Since 2007, the INTOSAI Framework of Professional Standards (IFPS) has developed considerably. Taking into account the documents that are likely to be endorsed by INCOSAI 2016, we estimate that the framework will consist of some 93 pronouncements extending over some 3,100 pages. The framework has become too massive and is in need of clarifying the differences between the basic principles, standards and guidelines. The advantage of the revised framework is that it clearly identifies those pronouncements that require compliance from a SAI that wishes to claim ISSAI compliance in its audit reports and that it makes a clear distinction between the ISSAI-standards and non-mandatory guidance.

The INTOSAI community needs clear, practical and professional standards that can be put to use by its members. The revised framework will aim at doing this by strengthening the drive to enhance the effective and independent auditing process also underlined by the United Nations General Assembly in Resolution A/66/209, which stresses the need for “promoting the efficiency, accountability, effectiveness and transparency of public administration by strengthening Supreme Audit Institutions.”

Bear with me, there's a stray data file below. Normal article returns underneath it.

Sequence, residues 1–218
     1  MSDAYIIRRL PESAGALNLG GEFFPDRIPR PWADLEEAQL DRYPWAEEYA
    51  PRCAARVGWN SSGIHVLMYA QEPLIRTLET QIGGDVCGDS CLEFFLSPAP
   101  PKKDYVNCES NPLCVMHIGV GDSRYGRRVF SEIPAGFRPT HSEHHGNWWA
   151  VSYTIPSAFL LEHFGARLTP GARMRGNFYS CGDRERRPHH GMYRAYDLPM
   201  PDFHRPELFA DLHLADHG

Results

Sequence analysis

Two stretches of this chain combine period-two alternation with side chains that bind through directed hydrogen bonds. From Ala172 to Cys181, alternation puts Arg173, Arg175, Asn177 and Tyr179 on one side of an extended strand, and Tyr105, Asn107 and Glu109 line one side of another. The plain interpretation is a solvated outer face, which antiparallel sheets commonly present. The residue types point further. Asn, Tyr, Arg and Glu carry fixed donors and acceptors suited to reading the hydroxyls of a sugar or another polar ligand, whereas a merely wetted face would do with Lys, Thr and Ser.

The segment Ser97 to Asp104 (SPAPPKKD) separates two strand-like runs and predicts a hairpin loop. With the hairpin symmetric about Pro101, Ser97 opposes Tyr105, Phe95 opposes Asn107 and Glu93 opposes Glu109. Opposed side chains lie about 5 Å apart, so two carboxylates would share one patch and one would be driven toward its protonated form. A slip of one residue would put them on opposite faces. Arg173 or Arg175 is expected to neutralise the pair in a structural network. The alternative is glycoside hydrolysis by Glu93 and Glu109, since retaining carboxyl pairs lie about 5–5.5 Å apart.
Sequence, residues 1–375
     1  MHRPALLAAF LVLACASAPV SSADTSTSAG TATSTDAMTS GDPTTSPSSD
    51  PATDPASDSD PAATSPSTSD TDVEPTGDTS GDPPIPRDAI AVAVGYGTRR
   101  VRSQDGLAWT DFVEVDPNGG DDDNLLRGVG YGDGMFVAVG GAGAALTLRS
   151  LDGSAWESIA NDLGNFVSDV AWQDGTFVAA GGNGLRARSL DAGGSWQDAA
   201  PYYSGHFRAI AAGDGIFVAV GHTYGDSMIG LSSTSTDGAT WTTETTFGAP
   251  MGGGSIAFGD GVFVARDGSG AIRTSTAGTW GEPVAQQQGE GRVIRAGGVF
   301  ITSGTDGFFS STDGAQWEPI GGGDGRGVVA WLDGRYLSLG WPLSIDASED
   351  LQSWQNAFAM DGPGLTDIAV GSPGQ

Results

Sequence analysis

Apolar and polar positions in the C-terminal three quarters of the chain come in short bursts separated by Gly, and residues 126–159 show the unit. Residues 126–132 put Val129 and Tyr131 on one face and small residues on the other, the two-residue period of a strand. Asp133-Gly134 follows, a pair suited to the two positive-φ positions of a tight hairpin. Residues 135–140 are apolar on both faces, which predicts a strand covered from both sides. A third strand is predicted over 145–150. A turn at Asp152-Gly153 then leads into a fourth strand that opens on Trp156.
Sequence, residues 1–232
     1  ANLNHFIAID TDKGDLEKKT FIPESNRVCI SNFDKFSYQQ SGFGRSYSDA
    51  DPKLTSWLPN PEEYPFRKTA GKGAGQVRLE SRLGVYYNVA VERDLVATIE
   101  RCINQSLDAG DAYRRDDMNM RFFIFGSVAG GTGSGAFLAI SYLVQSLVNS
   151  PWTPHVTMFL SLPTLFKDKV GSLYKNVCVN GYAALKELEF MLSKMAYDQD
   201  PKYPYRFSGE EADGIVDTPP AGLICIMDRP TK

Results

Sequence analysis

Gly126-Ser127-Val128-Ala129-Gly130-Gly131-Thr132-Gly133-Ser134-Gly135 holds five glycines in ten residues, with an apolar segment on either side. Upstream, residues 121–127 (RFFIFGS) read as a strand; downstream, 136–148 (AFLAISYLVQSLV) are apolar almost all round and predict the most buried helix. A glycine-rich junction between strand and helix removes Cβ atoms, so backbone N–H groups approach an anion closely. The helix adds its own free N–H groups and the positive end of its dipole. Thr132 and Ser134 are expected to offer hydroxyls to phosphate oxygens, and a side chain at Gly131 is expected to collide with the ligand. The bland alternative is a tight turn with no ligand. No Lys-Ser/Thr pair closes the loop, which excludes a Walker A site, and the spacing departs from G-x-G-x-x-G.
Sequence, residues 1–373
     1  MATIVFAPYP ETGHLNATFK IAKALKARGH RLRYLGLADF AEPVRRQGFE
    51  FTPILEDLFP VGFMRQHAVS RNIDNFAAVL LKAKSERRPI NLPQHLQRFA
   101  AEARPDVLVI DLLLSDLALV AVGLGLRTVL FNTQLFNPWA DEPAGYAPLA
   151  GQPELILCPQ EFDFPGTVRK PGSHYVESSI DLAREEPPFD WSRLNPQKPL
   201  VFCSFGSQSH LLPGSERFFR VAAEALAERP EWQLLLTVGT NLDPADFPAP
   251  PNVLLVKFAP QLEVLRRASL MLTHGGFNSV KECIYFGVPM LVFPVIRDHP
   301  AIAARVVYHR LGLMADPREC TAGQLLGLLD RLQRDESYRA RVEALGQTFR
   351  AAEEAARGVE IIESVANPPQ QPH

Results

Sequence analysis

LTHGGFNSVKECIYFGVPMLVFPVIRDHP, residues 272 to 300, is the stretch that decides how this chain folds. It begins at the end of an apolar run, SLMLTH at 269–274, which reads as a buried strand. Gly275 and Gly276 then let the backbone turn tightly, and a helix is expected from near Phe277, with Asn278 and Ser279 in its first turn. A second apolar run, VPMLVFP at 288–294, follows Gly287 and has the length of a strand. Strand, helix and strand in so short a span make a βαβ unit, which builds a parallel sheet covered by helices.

The nuts and bolts of the revised framework

The draft proposal is illustrated in Figure 1: The Revised Framework of Professional Pronouncements. There are three large groups of documents within this framework. At the top level are the INTOSAI principles (green in color on Figure 1), including the Lima Declaration and the Mexico Declaration on SAI Independence. Auditing standards (the ISSAIs ) follow (red in color on Figure 1).

These are the requirements that would have to be fulfilled by a SAI that wishes to claim ISSAI compliance in its audit reports. Finally, there are the guidance documents (blue in color on Figure 1). These documents are non-mandatory and offer the SAI and the auditor assistance in implementing the ISSAIs, insights when planning, executing or reporting on specific subjects or tools for assessing ISSAI compliance, etc. In addition to these three overall groups of documents, the framework also includes space for future development of competency-standards and competency-guidelines (these appear to the right of the auditing-standards and auditing-guidelines in Figure 1).